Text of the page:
I couldn't be happier this week is over. For me school has been so hectic and it's so relaxing to just read. No? Just me then? Oh well. This week I carried along with me Neverwhere by Neil Gaiman. Here's an synopsis provided by Goodreads:
When Richard Mayhew stops one day to help a girl he finds bleeding on a London pavement, his life is forever altered, for he finds himself propelled into an alternative reality that exists in a subterranean labyrinth of sewer canals and abandoned subway stations. He has fallen through the cracks of reality and has landed somewhere different, somewhere that is Neverwhere.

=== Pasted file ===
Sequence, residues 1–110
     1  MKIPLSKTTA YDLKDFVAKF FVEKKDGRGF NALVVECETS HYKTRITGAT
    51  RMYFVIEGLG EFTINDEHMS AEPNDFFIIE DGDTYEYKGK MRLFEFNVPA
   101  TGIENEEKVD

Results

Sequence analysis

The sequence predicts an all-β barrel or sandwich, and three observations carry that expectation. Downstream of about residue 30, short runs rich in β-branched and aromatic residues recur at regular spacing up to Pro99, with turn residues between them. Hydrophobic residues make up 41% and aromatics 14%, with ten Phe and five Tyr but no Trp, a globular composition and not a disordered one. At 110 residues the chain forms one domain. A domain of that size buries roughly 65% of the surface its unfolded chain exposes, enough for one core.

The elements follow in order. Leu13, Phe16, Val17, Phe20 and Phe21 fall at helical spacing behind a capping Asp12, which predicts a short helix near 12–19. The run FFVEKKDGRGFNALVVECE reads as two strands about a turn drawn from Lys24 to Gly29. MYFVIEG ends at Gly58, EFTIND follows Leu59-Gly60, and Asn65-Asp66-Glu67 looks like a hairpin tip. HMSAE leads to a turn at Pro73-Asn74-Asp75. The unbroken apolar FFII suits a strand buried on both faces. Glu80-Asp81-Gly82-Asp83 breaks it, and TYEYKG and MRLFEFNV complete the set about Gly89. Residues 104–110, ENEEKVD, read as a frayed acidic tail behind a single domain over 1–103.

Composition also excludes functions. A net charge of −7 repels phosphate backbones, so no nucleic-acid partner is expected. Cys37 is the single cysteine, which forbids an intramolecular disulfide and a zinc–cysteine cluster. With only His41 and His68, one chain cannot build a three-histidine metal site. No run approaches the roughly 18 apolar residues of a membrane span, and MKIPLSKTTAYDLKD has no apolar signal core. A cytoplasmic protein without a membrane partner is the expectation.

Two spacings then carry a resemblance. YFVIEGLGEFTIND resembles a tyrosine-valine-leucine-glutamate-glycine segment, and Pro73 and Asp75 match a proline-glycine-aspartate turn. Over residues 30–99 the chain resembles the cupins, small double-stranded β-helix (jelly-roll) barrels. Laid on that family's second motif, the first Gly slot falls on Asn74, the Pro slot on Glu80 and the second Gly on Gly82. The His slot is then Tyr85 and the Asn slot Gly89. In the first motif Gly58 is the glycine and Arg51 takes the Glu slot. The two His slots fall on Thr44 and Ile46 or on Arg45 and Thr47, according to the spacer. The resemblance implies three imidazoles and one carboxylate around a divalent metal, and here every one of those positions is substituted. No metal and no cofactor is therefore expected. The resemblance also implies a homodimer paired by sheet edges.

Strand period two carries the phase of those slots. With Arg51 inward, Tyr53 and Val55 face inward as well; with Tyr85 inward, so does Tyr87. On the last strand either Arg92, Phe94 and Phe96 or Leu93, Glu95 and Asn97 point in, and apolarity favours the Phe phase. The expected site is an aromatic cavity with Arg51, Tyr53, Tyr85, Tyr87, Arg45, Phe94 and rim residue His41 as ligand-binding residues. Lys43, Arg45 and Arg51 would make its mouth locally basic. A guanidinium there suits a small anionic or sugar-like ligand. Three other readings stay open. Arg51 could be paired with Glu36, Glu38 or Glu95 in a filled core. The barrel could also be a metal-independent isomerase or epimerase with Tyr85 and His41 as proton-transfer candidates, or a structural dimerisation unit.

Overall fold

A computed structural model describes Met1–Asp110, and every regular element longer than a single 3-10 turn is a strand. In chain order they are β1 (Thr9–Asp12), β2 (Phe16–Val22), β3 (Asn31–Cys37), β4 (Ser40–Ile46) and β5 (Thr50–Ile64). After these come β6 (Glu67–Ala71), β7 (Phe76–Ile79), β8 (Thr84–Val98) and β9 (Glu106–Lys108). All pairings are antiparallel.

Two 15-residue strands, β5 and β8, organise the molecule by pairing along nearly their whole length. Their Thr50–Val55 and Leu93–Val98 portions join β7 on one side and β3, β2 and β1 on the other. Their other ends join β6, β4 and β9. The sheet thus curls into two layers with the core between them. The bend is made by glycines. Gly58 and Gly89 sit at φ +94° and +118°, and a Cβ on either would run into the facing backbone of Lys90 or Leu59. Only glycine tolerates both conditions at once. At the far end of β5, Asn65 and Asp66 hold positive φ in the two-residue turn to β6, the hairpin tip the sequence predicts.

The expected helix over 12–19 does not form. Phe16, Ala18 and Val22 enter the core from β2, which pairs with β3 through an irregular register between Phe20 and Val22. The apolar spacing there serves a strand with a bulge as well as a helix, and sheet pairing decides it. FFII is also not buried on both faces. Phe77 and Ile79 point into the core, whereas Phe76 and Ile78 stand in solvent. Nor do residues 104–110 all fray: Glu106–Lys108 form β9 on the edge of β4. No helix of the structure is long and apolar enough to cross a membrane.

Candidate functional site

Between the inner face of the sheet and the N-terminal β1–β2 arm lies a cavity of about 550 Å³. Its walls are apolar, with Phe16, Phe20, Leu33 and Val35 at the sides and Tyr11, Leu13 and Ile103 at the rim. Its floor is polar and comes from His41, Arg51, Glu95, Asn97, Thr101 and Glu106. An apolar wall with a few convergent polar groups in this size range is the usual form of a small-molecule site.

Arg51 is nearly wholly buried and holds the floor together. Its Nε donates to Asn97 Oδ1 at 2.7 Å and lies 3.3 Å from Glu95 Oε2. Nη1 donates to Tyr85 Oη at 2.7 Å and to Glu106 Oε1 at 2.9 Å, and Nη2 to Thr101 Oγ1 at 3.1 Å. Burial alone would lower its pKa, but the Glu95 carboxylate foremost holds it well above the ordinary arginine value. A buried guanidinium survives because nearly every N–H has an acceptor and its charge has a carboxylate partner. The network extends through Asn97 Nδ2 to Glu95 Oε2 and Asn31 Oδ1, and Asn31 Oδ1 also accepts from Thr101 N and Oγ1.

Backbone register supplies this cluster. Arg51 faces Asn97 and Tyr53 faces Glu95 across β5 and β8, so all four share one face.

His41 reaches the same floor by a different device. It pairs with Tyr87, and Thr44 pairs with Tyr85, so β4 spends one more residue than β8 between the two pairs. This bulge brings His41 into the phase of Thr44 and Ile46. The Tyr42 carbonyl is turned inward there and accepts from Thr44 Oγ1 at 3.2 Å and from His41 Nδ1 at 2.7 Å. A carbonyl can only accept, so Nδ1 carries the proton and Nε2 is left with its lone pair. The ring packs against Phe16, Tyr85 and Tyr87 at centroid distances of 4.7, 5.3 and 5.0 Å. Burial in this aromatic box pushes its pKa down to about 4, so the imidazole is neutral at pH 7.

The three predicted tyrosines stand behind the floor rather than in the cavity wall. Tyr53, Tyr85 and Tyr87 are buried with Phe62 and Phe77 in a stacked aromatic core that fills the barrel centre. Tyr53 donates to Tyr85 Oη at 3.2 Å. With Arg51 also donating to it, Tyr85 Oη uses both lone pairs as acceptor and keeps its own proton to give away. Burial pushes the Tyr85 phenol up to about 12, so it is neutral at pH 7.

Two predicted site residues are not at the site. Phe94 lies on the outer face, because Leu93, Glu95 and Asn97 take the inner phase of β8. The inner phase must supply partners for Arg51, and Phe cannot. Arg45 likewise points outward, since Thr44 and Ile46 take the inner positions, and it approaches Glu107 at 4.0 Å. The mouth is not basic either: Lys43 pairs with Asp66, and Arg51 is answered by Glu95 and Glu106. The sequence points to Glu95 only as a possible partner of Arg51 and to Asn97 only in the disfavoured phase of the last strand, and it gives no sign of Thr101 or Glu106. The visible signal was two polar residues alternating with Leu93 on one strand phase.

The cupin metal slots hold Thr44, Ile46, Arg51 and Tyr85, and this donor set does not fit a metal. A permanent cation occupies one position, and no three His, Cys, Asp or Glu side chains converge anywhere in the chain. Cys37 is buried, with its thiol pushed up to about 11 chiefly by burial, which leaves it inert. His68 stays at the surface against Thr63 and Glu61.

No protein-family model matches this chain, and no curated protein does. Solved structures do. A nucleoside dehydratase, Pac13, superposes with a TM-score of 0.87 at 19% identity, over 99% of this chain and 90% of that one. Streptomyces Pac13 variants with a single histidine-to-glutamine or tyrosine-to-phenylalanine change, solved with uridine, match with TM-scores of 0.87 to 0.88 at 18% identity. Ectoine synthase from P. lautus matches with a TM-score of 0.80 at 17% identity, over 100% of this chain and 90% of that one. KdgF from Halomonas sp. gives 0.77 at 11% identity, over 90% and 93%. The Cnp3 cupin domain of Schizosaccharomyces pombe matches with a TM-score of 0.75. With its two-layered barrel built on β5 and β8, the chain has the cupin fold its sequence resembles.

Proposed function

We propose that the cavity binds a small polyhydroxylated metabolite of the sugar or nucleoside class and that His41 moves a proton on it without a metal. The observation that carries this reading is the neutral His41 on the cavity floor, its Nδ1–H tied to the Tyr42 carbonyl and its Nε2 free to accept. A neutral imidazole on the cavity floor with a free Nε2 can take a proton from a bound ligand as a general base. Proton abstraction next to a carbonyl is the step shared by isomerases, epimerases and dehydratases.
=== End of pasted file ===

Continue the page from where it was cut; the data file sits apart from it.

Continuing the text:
Reference:No one recommended this book or author to me at first, I unknowingly was first introduced to Gaiman's work years ago when my mom rented the movie Stardust from Blockbuster. Then a couple of years later Coraline came out and my best friend recommended his book. I wasn't a fan of the movie but I did want to give his work a try, so I figured I'd read another book of his to get a third opinion. Plus I love London so when I saw Big Ben Clock Tower on the cover I knew it was meant to be. Well, here are my thoughts:
(safe for those who haven't read this book yet)